Why Your Kids Need A Sensory Bin and How to Make One Right Now

Jan 10, 2018

“Mom, my tummy doesn’t feel right!”


“I don’t want to go to school! I’m scared!”


Yesterday, the kids went back to school after having two weeks off for winter break. Our first and second graders were filled with feelings of apprehension, uncertainty and nervousness.


I knew this would be a transition day, so I planned to have a slower morning and made sure to cuddle and talk with the kids about their feelings. We talked about what to do when we feel this way. My daughter likes to gently rub the fingers of her one hand against the palm of her other hand when she’s feeling nervous. We talked about how it will help when she gets to see her best friend in class and reminded our son how much fun he has running around at recess. We also use the technique from the popular book, The Kissing Hand, at drop off.


Days like these are perfect days to make sure to spend some one-on-one time with the kids when they get home from school. Since we are a family of three, that means I need to occupy the others to get that alone time. It must be with something soothing, calming and comforting after having a day filled with big emotions.


Have you ever created a sensory bin for your kids?


Sensory bins help quiet emotions and soothe little bodies and minds. Like the feelings you get at the beach or raking a zen garden. They also entertain little kids for a really long time, and big kids for long enough to destress them a bit.

 

Here’s how to set one up:


1. Gather your base material. Ideas are often found in your pantry: dry beans, pasta, rice or corn. Try water or sand - or both - if you’re outside! Other options are water beads (used for plant vases), cotton balls, pebbles, leaves or small balls of any kind. The idea is the kids can run their fingers through the material and use it to hide things in. Use whatever you can find today, but also add to your next bulk store run a big bag of one of these items so you can make a bigger bin next time. Note: when creating bins for children under age four, please don’t use nonedible materials that can fit inside a paper towel roll to avoid choking! Also watch out for bigger kids wanting to put things up their nose. Crazy but it happens!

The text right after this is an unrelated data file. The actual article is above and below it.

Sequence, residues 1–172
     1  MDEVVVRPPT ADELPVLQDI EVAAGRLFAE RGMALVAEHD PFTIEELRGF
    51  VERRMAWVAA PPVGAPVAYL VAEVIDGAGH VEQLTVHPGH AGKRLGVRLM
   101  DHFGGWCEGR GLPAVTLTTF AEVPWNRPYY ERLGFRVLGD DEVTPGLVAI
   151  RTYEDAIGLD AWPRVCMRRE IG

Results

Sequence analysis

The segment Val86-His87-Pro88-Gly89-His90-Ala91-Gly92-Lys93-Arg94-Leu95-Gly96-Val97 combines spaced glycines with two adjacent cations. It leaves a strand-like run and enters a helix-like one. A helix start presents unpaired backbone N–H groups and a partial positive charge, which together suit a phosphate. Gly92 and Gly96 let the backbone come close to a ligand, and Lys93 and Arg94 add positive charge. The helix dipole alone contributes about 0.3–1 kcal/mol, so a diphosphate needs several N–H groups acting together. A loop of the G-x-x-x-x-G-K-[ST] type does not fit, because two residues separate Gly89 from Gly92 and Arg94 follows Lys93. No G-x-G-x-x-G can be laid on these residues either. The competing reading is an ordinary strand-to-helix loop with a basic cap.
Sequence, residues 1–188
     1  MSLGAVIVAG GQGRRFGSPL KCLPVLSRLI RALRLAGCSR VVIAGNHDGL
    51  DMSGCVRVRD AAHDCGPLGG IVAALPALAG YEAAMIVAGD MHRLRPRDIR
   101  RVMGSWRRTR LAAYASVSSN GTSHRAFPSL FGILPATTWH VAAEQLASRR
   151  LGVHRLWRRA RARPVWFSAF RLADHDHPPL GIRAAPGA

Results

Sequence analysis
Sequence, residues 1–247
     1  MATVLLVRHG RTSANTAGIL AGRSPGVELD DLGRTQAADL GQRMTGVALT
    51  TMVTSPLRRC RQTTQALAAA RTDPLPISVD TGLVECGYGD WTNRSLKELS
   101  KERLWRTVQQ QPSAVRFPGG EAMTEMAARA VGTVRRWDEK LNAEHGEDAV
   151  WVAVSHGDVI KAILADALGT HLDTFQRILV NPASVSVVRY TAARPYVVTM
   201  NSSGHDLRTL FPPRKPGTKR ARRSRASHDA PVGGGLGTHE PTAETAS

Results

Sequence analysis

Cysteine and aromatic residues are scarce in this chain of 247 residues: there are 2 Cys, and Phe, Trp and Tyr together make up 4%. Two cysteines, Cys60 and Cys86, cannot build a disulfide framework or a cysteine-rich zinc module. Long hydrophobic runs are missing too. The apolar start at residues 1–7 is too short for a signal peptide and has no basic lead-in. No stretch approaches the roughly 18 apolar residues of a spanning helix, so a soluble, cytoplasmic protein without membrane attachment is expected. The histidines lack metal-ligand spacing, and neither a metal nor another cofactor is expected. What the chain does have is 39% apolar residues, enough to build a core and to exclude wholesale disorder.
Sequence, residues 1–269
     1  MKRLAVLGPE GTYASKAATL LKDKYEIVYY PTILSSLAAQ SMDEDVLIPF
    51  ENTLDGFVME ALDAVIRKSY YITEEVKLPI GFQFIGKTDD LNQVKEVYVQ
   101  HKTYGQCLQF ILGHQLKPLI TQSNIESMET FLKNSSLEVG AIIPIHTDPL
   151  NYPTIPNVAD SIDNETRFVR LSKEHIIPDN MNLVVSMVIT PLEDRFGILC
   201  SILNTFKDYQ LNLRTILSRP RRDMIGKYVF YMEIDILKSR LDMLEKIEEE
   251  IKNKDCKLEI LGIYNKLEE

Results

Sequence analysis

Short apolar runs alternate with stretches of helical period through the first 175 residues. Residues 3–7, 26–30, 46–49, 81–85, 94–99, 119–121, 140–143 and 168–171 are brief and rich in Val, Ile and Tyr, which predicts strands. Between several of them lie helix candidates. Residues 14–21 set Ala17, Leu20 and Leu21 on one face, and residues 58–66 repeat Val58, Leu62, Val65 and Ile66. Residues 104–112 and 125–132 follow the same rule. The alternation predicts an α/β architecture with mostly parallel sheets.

2. Find a container. Plastic bins, craft storage trays, kiddie pools, empty water tables or deep trays will all work. Find a size that fits the amount of base material you have with a little extra space on top to reduce spills.


3. Scout out a location to minimize mess. It’s almost inevitable that after a certain amount of time, little ones will not keep the material in the bin. If you show and tell them the first time it needs to stay inside, it’s quickly taught, but even when they know, young kids just can’t resist throwing or jumping in after a certain point. Older kids are better, but there’s a good chance that whatever base is in your bin will not magically stay inside completely. Lay out a sheet, blanket, oilcloth or tarp underneath or put the kids in the tub or outdoors.


4. Think about what you child is into and add those elements of play to your bin. Since we have a mix of boys and a girl, we’ve found animals to be a great gender neutral topic that all three kids love. We have gobs and gobs of little animal figurines and accessories to work with. You could also use the time of year to inspire you - with snow or arctic life play for winter, nature elements like acorns, leaves and rocks for autumn, sand/water and beach scenes for summer or flowers and dirt for spring. Use all kitchen tools or a bunch of items that are red or little action figures.


TA DA! You’re done! Have your bin all set up so the kids can discover it after school. You might have to watch a few minutes and make sure they know the rules and get started before you can walk away. This is a fantastic way to transition your kids from their hectic day of school and free you up to give just one of them extra attention. Or - get dinner ready!


Let me know how it goes! Share your sensory bin creations with me in the comments below, use #InvitePlay or hit me up on Instagram at @msstephanderson.


Would you like to have a bunch of these ideas to use more often? Check out my free guide to Switching the Witching Hour for more activities to keep the kids busy and happily playing! I also go into greater detail on how we use sensory bins for kids from infants up to big kids.

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